This thread bears out my previous statement on This issue that you are not wealthy unless you have three million in assets after you pay off any loans/ mortgages
     
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  13. Chris Slade

    Chris Slade Well-Known Member Top Poster

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    Sounds like you are in a good spot!!!
     
  14. pillatier

    pillatier Bronze Member

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    Kinda similar to Mike B. But carry a tiny mortgage balance. Lucky enough to have worked for a company which still had a defined pension plan. Pension alone nearly covers my living expenses the SS covers all the rest. Carefree single, with good friends and close neighbors.
     
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  15. Chris Slade

    Chris Slade Well-Known Member Top Poster

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    Pensions are the thing.....

    For some people to define their wealth you need to put a dollar amount on that pension income. To me this isn't that difficult, but that is just how I do it. Others may put a different value on the pension. Then there is the difference in value of the pension versus an investment account or say real estate upon death. It is pretty tough really. I don't have a significant pension so it does not factor into my math for myself.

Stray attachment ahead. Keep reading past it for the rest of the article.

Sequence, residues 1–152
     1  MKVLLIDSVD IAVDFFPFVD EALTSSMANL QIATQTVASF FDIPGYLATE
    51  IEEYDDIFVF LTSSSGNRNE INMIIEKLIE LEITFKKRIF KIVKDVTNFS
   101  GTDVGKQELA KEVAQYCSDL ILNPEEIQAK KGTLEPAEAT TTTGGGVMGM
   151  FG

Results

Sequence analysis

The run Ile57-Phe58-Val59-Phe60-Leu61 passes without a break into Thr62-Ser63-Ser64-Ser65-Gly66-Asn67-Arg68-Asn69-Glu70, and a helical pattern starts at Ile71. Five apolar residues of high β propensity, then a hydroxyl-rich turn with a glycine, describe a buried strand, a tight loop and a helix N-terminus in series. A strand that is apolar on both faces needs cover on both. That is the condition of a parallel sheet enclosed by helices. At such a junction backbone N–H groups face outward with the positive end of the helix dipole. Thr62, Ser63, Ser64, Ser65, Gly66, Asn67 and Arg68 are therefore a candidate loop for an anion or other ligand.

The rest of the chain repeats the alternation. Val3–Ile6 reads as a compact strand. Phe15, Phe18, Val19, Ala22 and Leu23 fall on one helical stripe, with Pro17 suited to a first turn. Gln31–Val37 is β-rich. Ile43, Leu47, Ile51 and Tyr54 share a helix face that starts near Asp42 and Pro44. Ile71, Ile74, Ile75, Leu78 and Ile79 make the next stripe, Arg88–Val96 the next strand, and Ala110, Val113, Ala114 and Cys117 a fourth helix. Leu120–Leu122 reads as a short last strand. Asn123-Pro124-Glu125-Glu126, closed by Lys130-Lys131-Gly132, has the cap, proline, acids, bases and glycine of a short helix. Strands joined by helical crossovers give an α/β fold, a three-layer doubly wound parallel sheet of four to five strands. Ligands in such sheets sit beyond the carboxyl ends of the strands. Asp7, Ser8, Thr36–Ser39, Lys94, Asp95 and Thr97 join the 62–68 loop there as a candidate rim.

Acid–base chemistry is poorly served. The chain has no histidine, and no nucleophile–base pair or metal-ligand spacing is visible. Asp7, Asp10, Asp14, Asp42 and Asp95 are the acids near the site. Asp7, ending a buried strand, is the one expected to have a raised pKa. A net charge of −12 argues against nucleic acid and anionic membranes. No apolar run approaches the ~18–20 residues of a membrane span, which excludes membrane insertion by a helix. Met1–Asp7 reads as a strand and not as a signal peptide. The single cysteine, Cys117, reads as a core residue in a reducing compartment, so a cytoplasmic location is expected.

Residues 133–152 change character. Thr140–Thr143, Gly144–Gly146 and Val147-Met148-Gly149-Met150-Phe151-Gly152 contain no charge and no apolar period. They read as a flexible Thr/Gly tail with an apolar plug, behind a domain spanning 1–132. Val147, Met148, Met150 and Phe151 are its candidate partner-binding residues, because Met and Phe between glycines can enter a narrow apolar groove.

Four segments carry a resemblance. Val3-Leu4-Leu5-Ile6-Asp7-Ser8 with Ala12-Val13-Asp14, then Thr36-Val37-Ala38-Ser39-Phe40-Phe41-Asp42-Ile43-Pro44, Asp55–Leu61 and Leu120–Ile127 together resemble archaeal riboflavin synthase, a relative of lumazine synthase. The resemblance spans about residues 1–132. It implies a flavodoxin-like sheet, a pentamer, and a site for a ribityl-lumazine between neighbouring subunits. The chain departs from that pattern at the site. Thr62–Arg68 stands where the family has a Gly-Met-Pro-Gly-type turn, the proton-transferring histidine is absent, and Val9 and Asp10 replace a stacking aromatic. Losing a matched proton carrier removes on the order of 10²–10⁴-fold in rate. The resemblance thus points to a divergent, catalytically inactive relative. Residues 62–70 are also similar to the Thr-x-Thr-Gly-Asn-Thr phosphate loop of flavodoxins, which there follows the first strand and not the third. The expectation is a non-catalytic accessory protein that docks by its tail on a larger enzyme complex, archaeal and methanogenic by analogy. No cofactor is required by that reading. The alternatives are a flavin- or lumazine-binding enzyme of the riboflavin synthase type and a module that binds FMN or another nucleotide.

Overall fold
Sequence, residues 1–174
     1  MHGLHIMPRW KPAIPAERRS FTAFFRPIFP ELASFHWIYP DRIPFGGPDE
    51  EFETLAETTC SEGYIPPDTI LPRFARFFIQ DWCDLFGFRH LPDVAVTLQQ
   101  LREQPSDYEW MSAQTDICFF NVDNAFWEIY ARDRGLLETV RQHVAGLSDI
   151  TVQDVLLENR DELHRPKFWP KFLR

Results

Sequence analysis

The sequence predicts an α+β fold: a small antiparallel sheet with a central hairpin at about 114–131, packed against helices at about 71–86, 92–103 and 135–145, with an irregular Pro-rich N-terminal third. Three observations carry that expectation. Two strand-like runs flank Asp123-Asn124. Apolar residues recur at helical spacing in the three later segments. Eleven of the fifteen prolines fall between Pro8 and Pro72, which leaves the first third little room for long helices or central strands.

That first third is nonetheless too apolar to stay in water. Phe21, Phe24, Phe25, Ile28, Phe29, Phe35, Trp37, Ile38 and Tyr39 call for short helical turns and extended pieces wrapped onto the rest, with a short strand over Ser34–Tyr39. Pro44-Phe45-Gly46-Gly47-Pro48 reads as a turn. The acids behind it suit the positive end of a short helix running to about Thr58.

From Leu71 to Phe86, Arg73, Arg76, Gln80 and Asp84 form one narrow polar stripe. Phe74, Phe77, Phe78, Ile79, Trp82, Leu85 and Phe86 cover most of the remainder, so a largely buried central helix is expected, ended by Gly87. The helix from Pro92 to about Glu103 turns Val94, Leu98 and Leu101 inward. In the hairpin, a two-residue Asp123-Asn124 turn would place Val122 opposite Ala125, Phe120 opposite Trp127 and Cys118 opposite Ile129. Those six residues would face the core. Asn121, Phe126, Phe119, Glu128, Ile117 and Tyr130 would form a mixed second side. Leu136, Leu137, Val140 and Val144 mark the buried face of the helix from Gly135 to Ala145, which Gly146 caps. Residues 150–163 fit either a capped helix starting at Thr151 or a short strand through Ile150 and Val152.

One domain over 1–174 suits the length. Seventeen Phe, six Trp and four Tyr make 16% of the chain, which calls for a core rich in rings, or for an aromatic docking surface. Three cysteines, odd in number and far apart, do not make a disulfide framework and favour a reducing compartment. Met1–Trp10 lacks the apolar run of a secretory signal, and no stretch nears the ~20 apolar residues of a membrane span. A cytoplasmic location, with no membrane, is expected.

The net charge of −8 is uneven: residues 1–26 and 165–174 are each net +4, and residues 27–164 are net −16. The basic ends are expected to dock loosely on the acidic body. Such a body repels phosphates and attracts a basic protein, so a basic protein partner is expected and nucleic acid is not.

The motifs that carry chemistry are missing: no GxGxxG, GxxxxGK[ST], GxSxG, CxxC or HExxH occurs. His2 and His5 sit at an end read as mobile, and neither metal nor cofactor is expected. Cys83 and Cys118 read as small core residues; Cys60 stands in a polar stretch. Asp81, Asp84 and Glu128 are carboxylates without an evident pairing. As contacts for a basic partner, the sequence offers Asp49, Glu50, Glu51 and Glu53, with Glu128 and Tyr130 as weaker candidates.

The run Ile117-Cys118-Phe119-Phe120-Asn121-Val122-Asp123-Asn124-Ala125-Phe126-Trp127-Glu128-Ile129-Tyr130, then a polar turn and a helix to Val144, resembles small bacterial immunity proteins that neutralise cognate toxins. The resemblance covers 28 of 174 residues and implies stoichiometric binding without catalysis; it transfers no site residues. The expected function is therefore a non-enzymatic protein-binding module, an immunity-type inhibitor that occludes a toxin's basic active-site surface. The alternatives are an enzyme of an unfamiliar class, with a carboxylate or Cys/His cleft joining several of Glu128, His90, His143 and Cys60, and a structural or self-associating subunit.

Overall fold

16. DYohn

    DYohn Bronze Member Donor Top Poster

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    Pension? My pension is what I built for myself.
     
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  17. Chris Slade

    Chris Slade Well-Known Member Top Poster

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    Dave we are the same (still building).

    But let's say I get $75000 a year from a defined benefit plan of some sort. Using the 4% rule that income is basically a 2M dollar nest egg.
    So do you count the 2M? Not really, but for us to have that income we need that 2M.......
     
  18. Carl V

    Carl V Bronze Member Donor Top Poster

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    Once a certain Threshold is met & a person(family) doesn't have any security or
    fiscal anxiety....then most studies seem to indicate you're "comfortably rich".
    Not to overlook the obvious,Good health, Place to live, clean food & Water, secure in
    your personal safety.....etc.,
    Regrettably, those conditions aren't always met. For a variety of reasons.
     
  19. DYohn

    DYohn Bronze Member Donor Top Poster

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    I was told that no matter what you expect (hope) your investment will realize as income in the future, your net worth includes the real value of the investment today.
     
  20. Chris Slade

    Chris Slade Well-Known Member Top Poster

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    Again I agree.

    The pension person versus the non pension person could have the same income and a 2m difference in net worth. And that is really a key point. When you (not pensioned) pass away you could pass money on or donate it. The pension person with the same income does not have this "worth" to pass on. This could easily go way off topic here discussing the value of pensions. It is interesting stuff, with wildly differing opinions.
     
    Last edited: Jul 23, 2020